Naval Task Group
Mar 15, 2007

The Navy’s fundamental responsibility is to defend the nation by safeguarding and upholding our sovereignty in Canada’s three ocean approaches and extending the writ of Canadian law and authority through support to other federal government departments. At the same time, the Navy as one arm of the Canadian Forces (CF), is responsible to defend the maritime approaches to North America from both conventional and asymmetric attack.

Ultimately, the Navy’s capacity to fulfill these responsibilities derives from its ability to understand what is happening in the vast ocean estate, to exert presence where and when it is needed, and to control events through the latent or actual use of force at sea. The Navy works with other elements of the CF and government departments to achieve the first two, but only the Navy can achieve the last.

Canada has a deep and abiding stake in the norms and institutions upon which the international community is built. This, coupled with the determination of recent governments to assert Canada’s traditionally active international role, assures that maritime forces will be needed to project Canada’s influence and power abroad, reassuring our friends and acting with our key allies in deterring those who would act against Canada’s interests.

In this regard, the navy is very well postured to act as an instrument of influence and power: warships can be maintained for extended periods at high ­readiness to deploy at short notice for emerging crises; they can remain on task for extended periods without pre-arranged basing; they are exceptionally versatile, able to perform not only a full range of missions while deployed, but also capable of being re-tasked instantly to combat operations; they are virtually self-sufficient; and can be committed to operations at the time and place of the government’s choosing – and just as ­readily withdrawn. A navy’s utility ultimately derives from its ability to control events at sea, and this is the fundamental purpose of the Naval Task Group.

The Naval Task Group normally consists of three or more warships with different capability packages that together form a significantly capable “system of systems.” Destroyers and Frigates are mutli-purpose combatants with an emphasis on anti-air or anti-submarine warfare but with capabilities in many disciplines, including the ability to provide fire support to forces ashore. The Iroquois class destroyer is the platform of choice to embark a Commander and staff. The ship has enhanced Command and Control capabilities that permit the embarked Task Group Commander to effectively control numerous warships, submarines, helicopters, fighter aircraft, and long range maritime patrol aircraft. This is an extremely complex undertaking and the Iroquois class destroyer is the only Canadian naval ship that can coordinate all of these tasks.
Ship Formation in the Gulf of Oman of the Canadian Navy. From right, Her Majesty’s Canadian Ships:  Algonquin, Protecteur and St-John’s.

The Halifax class Frigate is multi-purpose, and can conduct a variety of operations, from boarding’s to anti-submarine warfare. HMCS Fredericton clearly illustrated its versatility in 2006 when suddenly retasked from its Fisheries patrol mission to participate in an RCMP counter-drug sting operation – they stopped to fuel up and then headed for the coast of Africa (see FrontLine Security, winter 07/08 edition).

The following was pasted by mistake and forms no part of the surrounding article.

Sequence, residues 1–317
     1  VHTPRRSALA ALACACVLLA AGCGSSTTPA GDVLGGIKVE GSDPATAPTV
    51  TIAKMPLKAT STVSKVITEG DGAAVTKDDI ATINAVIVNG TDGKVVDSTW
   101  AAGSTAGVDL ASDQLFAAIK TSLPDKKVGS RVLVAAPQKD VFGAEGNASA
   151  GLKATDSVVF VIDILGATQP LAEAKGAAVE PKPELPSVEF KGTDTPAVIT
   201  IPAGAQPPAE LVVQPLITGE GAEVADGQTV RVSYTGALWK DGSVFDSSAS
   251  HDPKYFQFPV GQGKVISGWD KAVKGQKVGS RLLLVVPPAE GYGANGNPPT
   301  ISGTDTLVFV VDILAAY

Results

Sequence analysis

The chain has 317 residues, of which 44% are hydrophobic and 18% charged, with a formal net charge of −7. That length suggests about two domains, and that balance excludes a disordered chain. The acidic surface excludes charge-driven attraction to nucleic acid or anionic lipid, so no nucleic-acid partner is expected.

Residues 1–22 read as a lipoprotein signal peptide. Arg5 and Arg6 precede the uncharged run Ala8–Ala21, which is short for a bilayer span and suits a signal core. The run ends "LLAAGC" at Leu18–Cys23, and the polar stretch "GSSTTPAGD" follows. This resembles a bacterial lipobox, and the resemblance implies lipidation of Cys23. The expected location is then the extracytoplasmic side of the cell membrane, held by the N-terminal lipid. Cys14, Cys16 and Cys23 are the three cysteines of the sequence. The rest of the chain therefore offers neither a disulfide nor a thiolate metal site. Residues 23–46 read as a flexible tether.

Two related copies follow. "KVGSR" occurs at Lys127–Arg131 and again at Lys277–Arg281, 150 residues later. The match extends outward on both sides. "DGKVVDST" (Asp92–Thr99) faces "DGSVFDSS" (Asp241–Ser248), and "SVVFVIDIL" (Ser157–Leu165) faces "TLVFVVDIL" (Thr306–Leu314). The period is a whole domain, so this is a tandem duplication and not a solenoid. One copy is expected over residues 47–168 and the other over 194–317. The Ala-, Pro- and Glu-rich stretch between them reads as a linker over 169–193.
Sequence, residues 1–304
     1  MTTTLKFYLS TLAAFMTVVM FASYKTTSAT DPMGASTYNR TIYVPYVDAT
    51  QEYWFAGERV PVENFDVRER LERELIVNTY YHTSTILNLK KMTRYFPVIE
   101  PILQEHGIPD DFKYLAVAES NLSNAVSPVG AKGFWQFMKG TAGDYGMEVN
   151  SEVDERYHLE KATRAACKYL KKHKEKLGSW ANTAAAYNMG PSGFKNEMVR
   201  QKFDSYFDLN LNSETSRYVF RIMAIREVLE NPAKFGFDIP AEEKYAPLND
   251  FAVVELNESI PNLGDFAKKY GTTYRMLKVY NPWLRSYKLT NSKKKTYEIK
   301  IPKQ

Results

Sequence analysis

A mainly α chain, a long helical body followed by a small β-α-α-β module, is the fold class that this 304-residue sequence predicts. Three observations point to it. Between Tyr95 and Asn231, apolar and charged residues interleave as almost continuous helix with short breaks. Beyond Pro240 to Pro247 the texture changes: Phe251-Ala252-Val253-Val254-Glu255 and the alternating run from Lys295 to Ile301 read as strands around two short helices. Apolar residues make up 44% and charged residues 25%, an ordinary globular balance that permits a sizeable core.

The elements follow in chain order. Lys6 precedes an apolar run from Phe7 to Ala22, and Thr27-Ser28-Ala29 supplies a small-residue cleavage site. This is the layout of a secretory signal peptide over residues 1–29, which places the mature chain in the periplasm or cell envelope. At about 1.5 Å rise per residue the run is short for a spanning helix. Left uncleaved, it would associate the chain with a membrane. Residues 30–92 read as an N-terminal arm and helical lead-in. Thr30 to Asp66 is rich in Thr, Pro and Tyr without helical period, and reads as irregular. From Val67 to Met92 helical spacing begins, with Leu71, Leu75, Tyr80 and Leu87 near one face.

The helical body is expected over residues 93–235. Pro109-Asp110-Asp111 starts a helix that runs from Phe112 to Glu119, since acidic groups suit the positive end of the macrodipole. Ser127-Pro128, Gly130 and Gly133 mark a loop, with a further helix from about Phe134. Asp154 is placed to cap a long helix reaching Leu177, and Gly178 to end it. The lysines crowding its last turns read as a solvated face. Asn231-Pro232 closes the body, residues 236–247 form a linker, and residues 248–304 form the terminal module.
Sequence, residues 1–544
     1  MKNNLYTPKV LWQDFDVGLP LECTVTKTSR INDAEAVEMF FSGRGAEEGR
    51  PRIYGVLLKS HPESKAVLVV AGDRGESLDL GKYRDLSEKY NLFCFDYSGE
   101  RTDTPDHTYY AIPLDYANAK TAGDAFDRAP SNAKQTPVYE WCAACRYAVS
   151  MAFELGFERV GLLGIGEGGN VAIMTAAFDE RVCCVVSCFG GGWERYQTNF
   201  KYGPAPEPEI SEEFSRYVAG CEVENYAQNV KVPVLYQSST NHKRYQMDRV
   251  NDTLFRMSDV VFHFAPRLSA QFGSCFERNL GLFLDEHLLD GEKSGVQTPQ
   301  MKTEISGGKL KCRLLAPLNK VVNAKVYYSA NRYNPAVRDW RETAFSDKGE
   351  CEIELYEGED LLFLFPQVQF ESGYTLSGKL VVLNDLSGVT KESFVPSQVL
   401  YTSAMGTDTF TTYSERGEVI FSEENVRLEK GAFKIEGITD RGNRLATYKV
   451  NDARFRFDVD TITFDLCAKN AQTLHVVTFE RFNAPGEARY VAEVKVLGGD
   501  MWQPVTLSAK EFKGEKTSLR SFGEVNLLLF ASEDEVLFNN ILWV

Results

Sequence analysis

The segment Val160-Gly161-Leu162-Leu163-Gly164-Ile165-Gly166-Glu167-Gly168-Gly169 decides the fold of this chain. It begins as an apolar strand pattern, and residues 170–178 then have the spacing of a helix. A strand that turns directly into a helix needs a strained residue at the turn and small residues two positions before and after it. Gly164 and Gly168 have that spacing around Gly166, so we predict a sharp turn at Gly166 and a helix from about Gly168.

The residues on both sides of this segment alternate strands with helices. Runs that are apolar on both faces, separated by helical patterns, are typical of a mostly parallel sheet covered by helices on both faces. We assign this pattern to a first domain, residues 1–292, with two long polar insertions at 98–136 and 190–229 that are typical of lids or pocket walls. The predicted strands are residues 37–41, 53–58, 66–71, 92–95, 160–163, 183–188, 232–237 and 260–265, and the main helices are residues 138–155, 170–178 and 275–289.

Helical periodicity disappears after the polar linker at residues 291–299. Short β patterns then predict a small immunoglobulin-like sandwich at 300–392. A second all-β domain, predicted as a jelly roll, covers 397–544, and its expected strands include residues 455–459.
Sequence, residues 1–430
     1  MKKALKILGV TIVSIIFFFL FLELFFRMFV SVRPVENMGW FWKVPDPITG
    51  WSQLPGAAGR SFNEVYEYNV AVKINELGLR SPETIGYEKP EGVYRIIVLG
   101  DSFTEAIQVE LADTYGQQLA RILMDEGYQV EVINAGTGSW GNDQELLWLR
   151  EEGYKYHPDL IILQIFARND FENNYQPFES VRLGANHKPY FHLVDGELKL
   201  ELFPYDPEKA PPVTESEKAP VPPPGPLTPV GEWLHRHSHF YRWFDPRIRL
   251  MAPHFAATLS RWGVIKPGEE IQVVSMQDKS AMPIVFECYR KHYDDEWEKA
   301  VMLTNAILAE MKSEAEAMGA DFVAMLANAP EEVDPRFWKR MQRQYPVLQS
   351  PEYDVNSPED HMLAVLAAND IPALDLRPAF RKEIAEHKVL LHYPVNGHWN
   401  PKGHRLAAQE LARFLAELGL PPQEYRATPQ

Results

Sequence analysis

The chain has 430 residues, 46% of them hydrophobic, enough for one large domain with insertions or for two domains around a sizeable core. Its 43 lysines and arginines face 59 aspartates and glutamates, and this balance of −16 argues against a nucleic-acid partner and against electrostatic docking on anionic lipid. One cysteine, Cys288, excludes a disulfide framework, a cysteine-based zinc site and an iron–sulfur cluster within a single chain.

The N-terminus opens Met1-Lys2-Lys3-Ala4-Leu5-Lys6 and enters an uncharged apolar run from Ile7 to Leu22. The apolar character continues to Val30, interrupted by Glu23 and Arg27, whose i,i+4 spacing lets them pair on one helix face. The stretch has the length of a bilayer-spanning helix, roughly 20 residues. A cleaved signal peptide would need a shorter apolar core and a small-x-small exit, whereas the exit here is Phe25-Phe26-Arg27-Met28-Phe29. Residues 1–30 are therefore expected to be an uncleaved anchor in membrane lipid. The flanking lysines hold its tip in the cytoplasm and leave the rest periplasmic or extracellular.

As mentioned, the destroyer is the ideal platform for the commander of the Naval Task Group. The Commodore’s staff is made up of naval operators, engineers, lawyers, intelligence officers, and public affairs officers. This team plans and monitors a host of operations within the domestic and international front.

Domestically, the Naval Task Group commander could coordinate the search of Canadian coastlines for unauthorized submarines entering Canadian Territorial Waters or could coordinate with other government departments to provide seaward security for a major event such as the 2010 Olympics. When Hurricane Katrina devastated the United States’ Gulf Coast region, the Canadian Naval Task Group responded immediately and sailed to provide assistance.

The importance of the Canadian Task Group concept is demonstrated by the fact that since 1990, Canada has contributed Task Groups in major international leadership roles to two major multi-national operations – the 1990-91 war against Iraq, and the more recent war on terrorism. Being able to operate and lead Task Groups during such conflicts benefits Canada in several ways. First, because Task Groups are so fundamental to naval operations, being able to contribute and operate one ensures that our warships remain under Canadian control, instead of being parceled out around the coalition fleet. Second, Sovereign control of our naval forces makes them a much more effective instrument of Canada’s national will. Finally, maintaining our own capability to form Task Groups gives our sailors the skills needed to work well with other navies during international operations. That’s also why other nations, including the USA, are wiling to entrust their warships to the command of Canadian Commodores. This trend continues with the recent announcement by the MND to deploy another Task Group to the Gulf Region in June 2008".

The Canadian Navy’s fundamental mission is to defend the nation. Three things make Canada sovereign at sea: effective surveillance, meaningful presence, and an ability to control events in Cana­dian waters. The Naval Task Group conducts these types of operations without difficulty and provides the capacity for independent and sovereign action at sea.  
Commander Larry Trim is the section head of Maritime Staff Strategic Communications. His major responsibility is connecting with the academic, and business community to enhance an understanding of the Canadian Navy.
© Frontline Defence 2008